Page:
As states scramble to placate teachers who have staged a wave of walkouts and strikes during the past year, and to fend off an exodus of teachers from the classroom, they are confronting the need to raise wages, which in most states remain stuck below 2008 levels. For many states, incentive compensation has the appeal of promising pay for performance without substantial increases in spending.

In Texas, for example, where cities were trying to lure striking teachers from neighboring states with offers of a $52,000 starting salary, Texas Governor Greg Abbott called the need to raise teacher pay an “emergency” last week. But Abbott is also promoting a merit pay plan modeled on one in Dallas, which teachers have criticized for its “unfair distribution of bonuses” and an over-reliance on student test-score data. Indeed, not a single teacher in Dallas has reached the system’s highest theoretical evaluation and pay level.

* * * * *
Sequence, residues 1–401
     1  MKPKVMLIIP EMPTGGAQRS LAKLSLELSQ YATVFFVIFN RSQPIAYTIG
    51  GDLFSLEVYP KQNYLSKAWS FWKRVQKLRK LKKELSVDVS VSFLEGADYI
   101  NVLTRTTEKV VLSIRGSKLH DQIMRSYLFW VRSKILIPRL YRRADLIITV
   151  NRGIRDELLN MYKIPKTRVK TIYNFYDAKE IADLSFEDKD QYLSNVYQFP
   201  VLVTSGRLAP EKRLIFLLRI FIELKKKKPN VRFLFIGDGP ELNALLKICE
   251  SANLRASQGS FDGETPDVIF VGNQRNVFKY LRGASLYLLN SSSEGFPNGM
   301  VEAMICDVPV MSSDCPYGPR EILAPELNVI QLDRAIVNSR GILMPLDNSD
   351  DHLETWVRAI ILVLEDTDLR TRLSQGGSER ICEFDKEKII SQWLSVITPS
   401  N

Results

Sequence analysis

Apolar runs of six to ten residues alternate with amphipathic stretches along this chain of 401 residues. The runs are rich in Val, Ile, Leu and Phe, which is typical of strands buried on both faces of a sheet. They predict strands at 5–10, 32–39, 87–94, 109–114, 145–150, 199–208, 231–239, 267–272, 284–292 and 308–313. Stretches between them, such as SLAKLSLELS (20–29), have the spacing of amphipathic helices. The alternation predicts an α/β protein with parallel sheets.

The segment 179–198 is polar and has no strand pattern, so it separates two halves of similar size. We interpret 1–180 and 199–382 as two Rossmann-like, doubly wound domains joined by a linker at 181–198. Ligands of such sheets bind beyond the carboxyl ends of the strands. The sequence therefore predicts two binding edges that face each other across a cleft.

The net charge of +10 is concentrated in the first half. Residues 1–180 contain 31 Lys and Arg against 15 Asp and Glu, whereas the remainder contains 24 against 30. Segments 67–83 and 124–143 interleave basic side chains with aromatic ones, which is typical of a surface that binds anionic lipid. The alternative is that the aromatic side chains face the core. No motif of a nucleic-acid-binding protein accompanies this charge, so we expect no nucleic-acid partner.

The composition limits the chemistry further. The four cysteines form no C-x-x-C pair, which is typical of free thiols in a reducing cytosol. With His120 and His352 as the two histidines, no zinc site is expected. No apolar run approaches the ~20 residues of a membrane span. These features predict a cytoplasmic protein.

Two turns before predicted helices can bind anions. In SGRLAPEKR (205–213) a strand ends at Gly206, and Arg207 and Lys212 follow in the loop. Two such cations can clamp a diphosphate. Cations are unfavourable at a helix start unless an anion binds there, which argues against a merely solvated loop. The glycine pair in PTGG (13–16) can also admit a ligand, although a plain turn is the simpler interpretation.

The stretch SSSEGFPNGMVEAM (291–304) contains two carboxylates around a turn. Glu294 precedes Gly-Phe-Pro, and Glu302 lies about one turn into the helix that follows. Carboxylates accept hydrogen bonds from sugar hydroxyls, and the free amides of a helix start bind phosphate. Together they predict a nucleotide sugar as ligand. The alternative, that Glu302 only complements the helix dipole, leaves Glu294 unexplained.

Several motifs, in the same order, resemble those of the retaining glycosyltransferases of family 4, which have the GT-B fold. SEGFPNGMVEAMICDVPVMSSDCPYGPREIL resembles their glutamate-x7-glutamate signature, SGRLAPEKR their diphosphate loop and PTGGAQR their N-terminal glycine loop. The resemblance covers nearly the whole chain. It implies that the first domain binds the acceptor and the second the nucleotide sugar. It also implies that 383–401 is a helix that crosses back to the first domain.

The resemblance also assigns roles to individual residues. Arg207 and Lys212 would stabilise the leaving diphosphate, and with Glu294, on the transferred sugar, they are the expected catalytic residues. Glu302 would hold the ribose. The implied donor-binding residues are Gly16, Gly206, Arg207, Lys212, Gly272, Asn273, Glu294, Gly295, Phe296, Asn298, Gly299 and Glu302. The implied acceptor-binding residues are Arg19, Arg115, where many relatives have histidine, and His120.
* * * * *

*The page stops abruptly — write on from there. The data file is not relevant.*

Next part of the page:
Incentive pay to improve education and teacher performance is an elusive goal at best. A key assumption behind pay for performance is that money motivates individuals to work harder and better. CEOs, in particular, have invested the paycheck with almost magical powers to manipulate performance, arguing that individuals respond to external incentives and that money is the best motivator. Even multimillionaire bankers respond to incentive pay — not because the extra money necessarily makes a difference, so the argument goes, but because it is a way to “keep score.”